How might this type of cooperation work? In bacteria a common strategy is for individuals to produce and secrete small (relatively energetically inexpensive) molecules known as auto-inducers. They also produce a cellular receptor specific for this auto-inducer. The auto-inducer-receptor system enables organisms of the same type to recognize each other’s presence. The system works because the level of auto-inducer produced by a single bacterium is not sufficient to activate its receptors; only when the density of auto-inducer-secreting bacteria reaches a threshold level does the concentration of auto-inducer increase to a level high enough to activate the receptors. Activation of the auto-inducer- receptor generates a signal that in turn influences the bacterium’s behavior (including gene expression)303. One obvious behavior could be the secretion of digestive enzymes, but there are a number of others. For example, some types of bacteria (including E. coli) use quorum sensing to control cell migration. Over time individual cells migrate using their swimming system. One such system relies on flagellar (rotary) motors driven by electrochemical gradients to move the cell forward. In the absence of such a gradient, the motor reverse causing the cell to tumble and change direction. When moving up a gradient of attractant, or down a gradient of repulsant, tumbling is suppressed; the end result is directed movement.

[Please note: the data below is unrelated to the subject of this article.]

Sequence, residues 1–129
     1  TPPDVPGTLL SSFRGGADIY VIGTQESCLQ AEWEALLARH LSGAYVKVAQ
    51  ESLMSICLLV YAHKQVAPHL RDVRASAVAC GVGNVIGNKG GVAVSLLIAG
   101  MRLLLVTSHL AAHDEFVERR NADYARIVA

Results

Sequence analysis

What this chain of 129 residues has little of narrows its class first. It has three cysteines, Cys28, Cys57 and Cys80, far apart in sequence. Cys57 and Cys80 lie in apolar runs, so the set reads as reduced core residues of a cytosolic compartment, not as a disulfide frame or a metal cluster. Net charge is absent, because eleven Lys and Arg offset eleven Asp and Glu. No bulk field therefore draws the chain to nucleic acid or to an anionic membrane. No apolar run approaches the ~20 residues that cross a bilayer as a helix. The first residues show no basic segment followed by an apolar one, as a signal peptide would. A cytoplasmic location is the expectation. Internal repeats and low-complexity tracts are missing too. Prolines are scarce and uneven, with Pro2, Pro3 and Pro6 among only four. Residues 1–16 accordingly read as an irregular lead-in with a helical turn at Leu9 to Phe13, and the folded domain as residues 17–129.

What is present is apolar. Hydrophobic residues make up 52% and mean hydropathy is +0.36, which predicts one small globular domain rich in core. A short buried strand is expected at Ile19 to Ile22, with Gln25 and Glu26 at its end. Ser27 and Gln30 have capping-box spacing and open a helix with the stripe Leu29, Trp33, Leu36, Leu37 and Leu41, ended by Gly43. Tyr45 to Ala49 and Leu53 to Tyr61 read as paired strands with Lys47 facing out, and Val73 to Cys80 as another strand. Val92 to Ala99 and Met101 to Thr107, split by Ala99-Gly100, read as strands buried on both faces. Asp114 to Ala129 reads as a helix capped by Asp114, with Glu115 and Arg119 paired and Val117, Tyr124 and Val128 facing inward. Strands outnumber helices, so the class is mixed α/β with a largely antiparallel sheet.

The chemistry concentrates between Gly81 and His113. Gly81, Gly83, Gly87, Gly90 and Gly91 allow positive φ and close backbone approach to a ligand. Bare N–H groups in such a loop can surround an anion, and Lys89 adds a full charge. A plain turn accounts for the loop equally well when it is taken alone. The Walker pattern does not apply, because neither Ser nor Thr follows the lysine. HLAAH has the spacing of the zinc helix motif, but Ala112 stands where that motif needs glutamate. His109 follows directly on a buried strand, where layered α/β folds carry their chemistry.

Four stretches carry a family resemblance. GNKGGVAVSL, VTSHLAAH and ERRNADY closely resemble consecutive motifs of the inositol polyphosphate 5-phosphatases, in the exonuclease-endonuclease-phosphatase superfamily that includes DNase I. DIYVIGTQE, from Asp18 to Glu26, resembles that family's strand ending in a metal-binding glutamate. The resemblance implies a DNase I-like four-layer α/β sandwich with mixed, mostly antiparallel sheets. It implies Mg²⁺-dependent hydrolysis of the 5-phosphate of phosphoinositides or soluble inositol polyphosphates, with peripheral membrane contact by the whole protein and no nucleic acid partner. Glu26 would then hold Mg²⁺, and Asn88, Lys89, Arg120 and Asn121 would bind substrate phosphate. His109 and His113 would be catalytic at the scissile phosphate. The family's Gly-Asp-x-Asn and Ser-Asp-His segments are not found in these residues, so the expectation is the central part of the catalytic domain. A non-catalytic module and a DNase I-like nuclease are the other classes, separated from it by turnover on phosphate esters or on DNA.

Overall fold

This type of behavior has been illustrated dramatically by using E. coli that contains a plasmid that encodes the Green Fluorescent Protein (GFP), a protein thatwhen illuminated with blue light glows green304! When GFP-expressing E. coli are cultured in a maze-like environment with a central “chamber” with a single opening, the secreted attractant accumulates to high concentrations within this space. Over a three hour period the bacteria swim in a directed manner up the attractant concentration gradient into the chamber305. At this point quorum sensing-controlled behaviors are activated. For example in situations where nutrients become scarce a quorum sensing controlled behavior can lead some of the cells in the population to die, a process known as programmed cell death, releasing their nutrients for their neighbors to use. This can be seen as a type of altruism, since it helps the neighbors, who are likely to be relatives of the sacrificing cell306. Another type of behavior that can occur under condition of stress is that a subpopulation of cells, known as quiescent or “persister” cells, grow slowly or not at all, while the rest of the population continues to grow307. If the environment turns seriously hostile the persisters have a much higher probability of survival than do the actively growing cells. If conditions improve the persisters can reverse their behavior and reestablish an actively growing population. On the other hand, if the conditions never get hostile, the growing cells have an evolutionary advantage over cells that go quiescent. This implies the presence of a system can produce persisters when they might be useful, and surpress their formation when not. The ability of an organism to produce quiescent persister state helps insure the survival of the population within a wider range of environments than would be expected for a population that cannot produce persisters. This is a example of group selection. A similar behavior has been found to occur within populations of cancer cells308. Persister cells can survive therapeutic treatments and re-emerge later. We have already seen, in the context of the lac operon, how an initially uniform population of organisms can produce distinct phenotypes through stochastic processes; similar random events play an important role in the determination of cell fates in many social situations.